Do Your Leftovers Bubble and Squeak?
Now that the big meal is over, it’s easy to give in to temptation. But don’t order that pizza just yet. Though your fridge is full of scraps, that doesn’t mean you’re stuck with turkey sandwiches or microwaved mashed potatoes. In this slideshow, explore some of history’s most sustainable post-holiday meals, comprised mainly from repurposed leftovers. These simple dishes have been crowd-pleasers since long before someone thought cranberry sauce in a can was a good idea.
Photos courtesy Flickr
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BUBBLE AND SQUEAK
Key Scraps: leftover vegetables
Common Ingredients: potatoes, carrots, peas, meat
Origins: Originally an economic way to make the most of meat and cabbage leftovers remaining from the traditional Sunday Roast dinner, this British dish dates to at least the early 18th century. During World War II rationing, it became a popular way to repurpose potatoes and vegetables by frying them up together—and the dish owes its name to the sound that it creates.
Photo courtesy WFIU Public Radio
PANZANELLA, Italian bread salad
Key Scrap(s): leftover bread
Common Ingredients: tomatoes, cucumber, onions, basil, oil, vinegar, salt, pepper
History: Rather than wasting stale bread, Italians discovered sometime in the Middle Ages that stale bread, when soaked in water and then squeezed out, absorbs oil and vinegar and other salad flavors to create a new and rather hefty dish. Originally the dish did not include tomatoes, but after the fruit was introduced to the region in the 16th century, it became a prominent feature of the salad.
Similar to: Fattoush, Middle Eastern pita salad
Photo courtesy Kristen Taylor
Recommended by San Francisco Munchery chef Raymond Reyes
Key Scrap(s): bones and marrow, mirepoix (celery, onions, carrots)
Common Ingredients: chicken or turkey gizzards, hearts, or liver; meat, fat, herbs, garlic, spices, salt, pepper
History: Meat and fish stocks serve as the foundation of dishes all over the world, and have been referenced in such early texts as the bible, though the proverb “Too many cooks spoil the broth” was not recorded in Sir Balthazar Gerbier's Three Chief Principals of Magnificent Building until 1665.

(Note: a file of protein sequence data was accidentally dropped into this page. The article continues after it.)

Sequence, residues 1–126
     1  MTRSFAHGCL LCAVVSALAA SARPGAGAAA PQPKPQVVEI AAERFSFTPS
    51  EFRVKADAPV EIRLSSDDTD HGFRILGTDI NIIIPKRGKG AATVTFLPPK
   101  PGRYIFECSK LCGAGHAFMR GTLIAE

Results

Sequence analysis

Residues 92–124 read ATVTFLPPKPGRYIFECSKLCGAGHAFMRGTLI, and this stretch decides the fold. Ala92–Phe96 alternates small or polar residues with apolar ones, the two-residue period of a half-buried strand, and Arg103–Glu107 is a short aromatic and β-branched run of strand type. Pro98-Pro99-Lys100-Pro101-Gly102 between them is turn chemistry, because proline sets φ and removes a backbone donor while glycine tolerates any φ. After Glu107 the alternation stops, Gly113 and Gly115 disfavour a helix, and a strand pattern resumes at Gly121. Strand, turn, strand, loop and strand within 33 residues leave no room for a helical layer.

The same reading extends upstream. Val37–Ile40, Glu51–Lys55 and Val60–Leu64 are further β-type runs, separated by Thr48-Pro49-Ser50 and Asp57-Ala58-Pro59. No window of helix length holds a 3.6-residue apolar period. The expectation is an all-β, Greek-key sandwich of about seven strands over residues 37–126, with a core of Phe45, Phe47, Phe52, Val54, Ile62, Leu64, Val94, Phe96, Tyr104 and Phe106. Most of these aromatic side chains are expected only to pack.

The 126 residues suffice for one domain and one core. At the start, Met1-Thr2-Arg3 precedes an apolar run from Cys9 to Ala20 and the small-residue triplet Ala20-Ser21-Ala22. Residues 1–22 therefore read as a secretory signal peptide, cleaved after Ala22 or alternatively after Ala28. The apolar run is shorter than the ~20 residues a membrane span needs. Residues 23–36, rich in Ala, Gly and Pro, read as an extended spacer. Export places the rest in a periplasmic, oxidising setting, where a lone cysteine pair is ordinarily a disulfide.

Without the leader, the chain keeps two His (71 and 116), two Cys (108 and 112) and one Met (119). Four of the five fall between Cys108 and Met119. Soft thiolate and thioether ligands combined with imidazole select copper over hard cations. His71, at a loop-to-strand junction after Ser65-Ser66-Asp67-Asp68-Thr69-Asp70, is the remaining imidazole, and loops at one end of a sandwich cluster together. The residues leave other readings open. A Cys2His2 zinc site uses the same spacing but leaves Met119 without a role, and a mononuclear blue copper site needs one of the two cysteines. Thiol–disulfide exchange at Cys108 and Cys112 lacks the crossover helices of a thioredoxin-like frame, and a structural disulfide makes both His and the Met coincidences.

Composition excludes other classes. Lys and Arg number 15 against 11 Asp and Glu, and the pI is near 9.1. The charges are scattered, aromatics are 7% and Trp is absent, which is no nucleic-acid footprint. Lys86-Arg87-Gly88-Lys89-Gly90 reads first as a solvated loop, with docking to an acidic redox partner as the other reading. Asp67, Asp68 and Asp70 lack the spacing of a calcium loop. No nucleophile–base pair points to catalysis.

Photo courtesy skooksie
CHINESE FRIED RICE (or yáng zhōu chǎo fàn)
Origins: the city of Yangzhou in the eastern Jiangsu province
Key Scrap(s): leftover rice, egg
Common Ingredients: scrambled egg, shrimp, bbq pork, soy sauce, ginger, garlic, scallions, peas, corn, and other vegetables
History: Some claim the dish was invented or at least popularized by Yang Su, a powerful general during the Sui Dynasty (581–618 AD), but although it has inexact origins, the best versions are attributed to the city of Yangzhou. Today, thanks to Chinese restaurants and All You Can Eat Buffets around the world, variations of the dish appear throughout North America, England, and other parts of Asia in particular.
Similar to: Kimchi Fried Rice
Photo courtesy of Robyn Lee
Recommended by Seattle Munchery chef Raymond Southern
Key Scrap(s): meat and fat, okra, rice
Common Ingredients: chicken, seafood, wheat flour, filé (dried and ground sassafras leaves)
History: Thickened by a dark roux (a mixture of fat and wheat flour), this stew poured over rice requires careful tending. Creole and Cajun varieties of the dish feature slightly different ingredients and methods vary by region. Gumbo made an appearance at a gubernatorial reception in New Orleans in 1803; by 1885, an oyster- and beef-rich version was published in Lafcadio Hearn’s La Cuisine Creole.
Photo courtesy of Robert Terrell
CASSOULET, French bean and meat stew
Origins: Southwestern France
Key Scrap(s): white beans, meat
Common Ingredients: duck or goose meat and fat, pork, sausage, flageolet or tarbais beans
History: A peasant stew possibly inspired by similar versions in nearby Muslim Spain of the twelfth century, legend has it that cassoulet stew—made in a traditional round earthenware vessel called the cassole—was created during the Hundred Years War as the British laid siege to the town of Castelnaudary, where cassole pots originate. To fortify the town’s defenders against invasion, local cooks gathered what they could to create this now iconic dish.
Similar to: Cholent, European Jewish Sabbath stew
Photo courtesy Isabelle Hurbain-Palatin